It is not possible for a financial

system to exist without the concept of interest rates. Interest rates are one of the most crucial

aspects of the financial system. They

are used to determine the cost of borrowing, the return on investment, and are

also an integral constituent of the total return on most investments. In addition, some interest rates give

insights into the future of financial markets and the economy. In addition,

interest rates are used as monetary tools by the monetary authorities (Leeds,

Von Allmen, & Schiming, 2006).

Although it is possible to operate banking system without the concept of

interest rates, as it happens in Islamic banking (Saeed, 2010), it is not

possible to run the entire financial system without interest rates.

It is

inconceivable to have an economy which has no time value of money. The concept

underlying the time value of money is that a given sum of money received today

is more than the same amount of money received in future. Time value of money is an indispensable

concept in an economy because it is influenced by inevitable forces in the

economy such as inflation, which reduces the value of money over time.

Accordingly, time value of money is applied in making of investments and all

financial decisions that involve arrangements to make or receive payment in the

future (Shim & Siegel, 2008).

Change in interest rates can be influenced by a host of

factors. One of the factors underlying change in interest rates are actions of

the monetary authority. For example, in

the United States, the FED can cause interest rates to rise or fall by selling

or buying treasuries respectively. Other key factors that influence change in

interest rates include the strength of the economy impacts supply and demand of

funds, fiscal policy, and expectations of inflationary levels (Leeds, Von

Allmen, & Schiming, 2006).

The

efficient market hypothesis argues that financial markets integrate all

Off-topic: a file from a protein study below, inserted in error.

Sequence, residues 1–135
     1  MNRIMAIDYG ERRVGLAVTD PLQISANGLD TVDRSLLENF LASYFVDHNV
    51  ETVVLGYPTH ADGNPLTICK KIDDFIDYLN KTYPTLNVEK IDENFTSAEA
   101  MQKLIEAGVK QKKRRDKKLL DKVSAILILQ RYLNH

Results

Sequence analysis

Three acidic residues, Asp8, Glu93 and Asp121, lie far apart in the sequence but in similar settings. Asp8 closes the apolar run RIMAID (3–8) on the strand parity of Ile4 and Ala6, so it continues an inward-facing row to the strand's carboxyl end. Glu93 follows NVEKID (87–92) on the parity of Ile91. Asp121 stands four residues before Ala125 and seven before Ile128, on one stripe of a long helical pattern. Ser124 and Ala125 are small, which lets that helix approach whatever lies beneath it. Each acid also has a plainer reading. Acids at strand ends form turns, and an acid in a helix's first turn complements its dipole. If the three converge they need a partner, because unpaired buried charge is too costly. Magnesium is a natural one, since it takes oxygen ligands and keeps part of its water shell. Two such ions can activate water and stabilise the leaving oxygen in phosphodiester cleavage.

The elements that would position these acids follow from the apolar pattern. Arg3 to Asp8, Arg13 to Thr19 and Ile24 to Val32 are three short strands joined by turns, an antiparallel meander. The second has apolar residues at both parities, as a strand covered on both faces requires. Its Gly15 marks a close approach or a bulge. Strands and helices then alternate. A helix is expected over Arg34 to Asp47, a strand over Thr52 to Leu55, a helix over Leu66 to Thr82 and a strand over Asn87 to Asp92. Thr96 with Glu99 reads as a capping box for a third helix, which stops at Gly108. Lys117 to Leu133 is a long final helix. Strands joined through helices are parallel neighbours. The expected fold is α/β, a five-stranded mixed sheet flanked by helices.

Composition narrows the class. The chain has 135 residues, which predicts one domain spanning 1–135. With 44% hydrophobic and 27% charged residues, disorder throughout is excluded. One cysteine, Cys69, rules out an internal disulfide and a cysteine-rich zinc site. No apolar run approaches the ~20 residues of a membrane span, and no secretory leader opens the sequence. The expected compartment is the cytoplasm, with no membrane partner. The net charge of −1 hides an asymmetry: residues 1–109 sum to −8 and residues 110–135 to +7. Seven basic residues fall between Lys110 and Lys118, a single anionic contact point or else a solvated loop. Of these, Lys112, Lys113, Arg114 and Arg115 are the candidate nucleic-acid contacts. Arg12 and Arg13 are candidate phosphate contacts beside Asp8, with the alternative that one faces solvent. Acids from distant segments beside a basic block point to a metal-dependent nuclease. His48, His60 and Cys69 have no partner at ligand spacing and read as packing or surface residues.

information available in the public domain and that stock prices reflect all

the relevant information. Accordingly,

stock prices are accurate in average,

meaning that markets are efficient and no active investor can beat the market

by taking advantage of any public

information (Harder, 2008). The efficient market hypothesis is, however,

faulted for being weak in several aspects.

The hypothesis assumes that all investors view all available information in precisely

in the same way. However, the many

techniques of analyzing and valuing stock curtail the validity of EMH. For

example, if one investor is looking for an undervalued market opportunity and

another one assesses a stock on based on its potential for growth, the two

investors will arrive at a different evaluation of the fair market value of the

stock. Thus, because investor values

stocks differently, it is not possible to ascertain the value of a stock under

an efficient market (Harder, 2008).

Furthermore, under EMH, no investor should be able to make greater

earning that another with equal

investment amounts because the fact that they have equal possession of

information implies that they can only achieve similar returns. However, this

is not true in practice, as it is evident that there is a wide range of returns on investments achieved by a

universe of investors, investment funds and so on (Harder, 2008).